Ever since president Richard Nixon coined the phrase in 1971, the United States government has been involved in the War on Drugs. It took 40 years of increasing drug-related incarceration rates, accessibility, more frequent use by minors, and policy struggles between foreign, national and state governments before the Global Commission on Drug Policy declared the War a failure in 2011.

This past month, two new Western clubs gained university recognition. One club, Students for Sensible Drug Policies, is a chapter of an international, student-run, grassroots organization dealing with drug policy reform on local and national levels. The other, Open Dialogues about Drugs, promotes healthy conversation and awareness through group discussions and sharing. Both intend to collaborate with each other in hopes of changing society’s attitudes, stigmas and legislature on drugs in the wake of a failed war.

“We are really serious about this and we think it’s going to have a really huge, positive effect at Western,” Odd Club founder Renae Stowell said.

SSDP Club Coordinator Matthew Hilliard set out to form a drug awareness club at Western during his freshman year. After a year of trying, he discovered SSDP. Hilliard said that SSDP’s activism-centered approach made him interested in the organization.

“We’re concerned about the impact that drug abuse has on our communities, but we also know that the war on drugs is not only failing our generation, but our society overall,” SSDP Western Regional Outreach Coordinator Devon Tackels said.

SSDP had their first meeting on Monday, Jan. 23. They plan to meet bi-weekly or weekly at 5p.m. on Mondays in Academic West 205. Hilliard said the club needs to focus on gaining members, but that soon they will pick an SSDP campaign to partake in.
SSDP offers a variety of campaigns for its chapters, each one geared toward changing drug policy.

Hilliard said that one campaign in particular, Campus Change, is relevant to Western because it aims to change campus penalties for drugs and alcohol. Hilliard said that he would like to see dorm eviction and expulsion policies regarding drugs to be treated on a case to case basis instead of having a policy that encompasses everyone so that good students that get caught up in drugs or alcohol do not have to risk losing their higher education.

“There’s a lot of flaws in the system right now, not just at Western, but all over the country and we need to figure out ways to solve those,” Hilliard said.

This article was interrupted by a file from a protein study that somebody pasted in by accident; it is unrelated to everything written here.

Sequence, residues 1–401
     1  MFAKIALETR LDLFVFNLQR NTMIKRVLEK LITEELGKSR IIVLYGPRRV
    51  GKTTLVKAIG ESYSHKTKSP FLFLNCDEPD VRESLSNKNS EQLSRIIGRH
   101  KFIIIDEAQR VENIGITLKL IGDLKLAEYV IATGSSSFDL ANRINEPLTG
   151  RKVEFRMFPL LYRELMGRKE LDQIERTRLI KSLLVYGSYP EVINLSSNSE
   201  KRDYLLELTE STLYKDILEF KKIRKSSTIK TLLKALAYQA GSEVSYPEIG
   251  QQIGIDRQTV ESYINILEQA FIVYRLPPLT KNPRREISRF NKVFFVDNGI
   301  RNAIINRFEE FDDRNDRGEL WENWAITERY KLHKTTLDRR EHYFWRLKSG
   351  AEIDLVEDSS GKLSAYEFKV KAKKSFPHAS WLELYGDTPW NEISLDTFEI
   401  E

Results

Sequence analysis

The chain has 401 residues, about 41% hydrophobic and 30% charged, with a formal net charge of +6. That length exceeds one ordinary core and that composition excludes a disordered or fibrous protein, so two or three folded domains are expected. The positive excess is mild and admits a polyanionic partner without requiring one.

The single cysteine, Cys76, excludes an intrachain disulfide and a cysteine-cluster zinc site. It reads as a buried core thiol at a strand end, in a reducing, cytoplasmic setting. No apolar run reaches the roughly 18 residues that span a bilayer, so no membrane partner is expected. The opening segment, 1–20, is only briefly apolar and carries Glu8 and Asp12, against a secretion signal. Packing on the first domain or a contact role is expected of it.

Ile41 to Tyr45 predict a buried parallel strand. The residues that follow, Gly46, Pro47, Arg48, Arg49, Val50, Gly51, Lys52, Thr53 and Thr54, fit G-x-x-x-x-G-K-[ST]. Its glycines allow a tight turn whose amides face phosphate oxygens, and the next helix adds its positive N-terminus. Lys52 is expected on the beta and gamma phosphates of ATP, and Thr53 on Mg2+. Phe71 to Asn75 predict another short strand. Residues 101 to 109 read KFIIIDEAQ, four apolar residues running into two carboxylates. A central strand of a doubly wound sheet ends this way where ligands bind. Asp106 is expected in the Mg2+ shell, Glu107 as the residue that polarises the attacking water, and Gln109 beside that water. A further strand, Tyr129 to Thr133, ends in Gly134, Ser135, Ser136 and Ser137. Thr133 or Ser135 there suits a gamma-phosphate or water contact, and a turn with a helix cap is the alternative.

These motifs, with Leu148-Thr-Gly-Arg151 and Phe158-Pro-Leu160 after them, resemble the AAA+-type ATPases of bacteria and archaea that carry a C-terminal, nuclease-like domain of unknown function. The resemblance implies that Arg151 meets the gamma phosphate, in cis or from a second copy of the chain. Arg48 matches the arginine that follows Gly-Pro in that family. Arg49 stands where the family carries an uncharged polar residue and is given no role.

Stowell has been a long-time volunteer for Dance Safe Bellingham, a nonprofit that promotes health safety at dance events. She also volunteers for SSDP and the Multidisciplinary Association for Psychedelic Studies, an organization that provides funding for research on psychedelic drugs. She decided to create Odd Club as a way to combine all the efforts of the individual organizations she volunteers at into one group.

“There’s so many drugs around but nobody really knows a lot about them and they’re too afraid to ask questions or they feel ashamed,” Stowell said. “It’s almost like taboo that they’re going to do these drugs. The danger comes in when they don’t know what they’re doing.”

Odd Club meets every Monday at 5 p.m. in AW 405. The club has a semi-structured approach. There is a topic for each meeting such as particular drugs, art and movies. Group discussion is encouraged and individuals can bring up whatever topics they want.


“Anyone can come in. If they’ve never done a drug before that’s totally fine. You can come in and just hear what other people have to say and talk about your own opinions and experiences,” Stowell said. “There’s nothing wrong with talking about it. We don’t promote drug use; we just promote the freedom to talk about it.”

Stowell, who used to use crack cocaine and methamphetamine, said that drugs have been both the darkest and lightest parts of her life. Her discovery and therapeutic use of psychedelic mushrooms helped her realize and deal with personal trauma. Stowell said that she hopes to communicate this at Odd club meetings: drugs are dangerous, but they can also be beneficial.

“We just want to acknowledge that people do drugs, that they’ve always done drugs since the beginning of time,” Stowell said. “We just want to promote accurate, honest information and not make it something to be ashamed about.”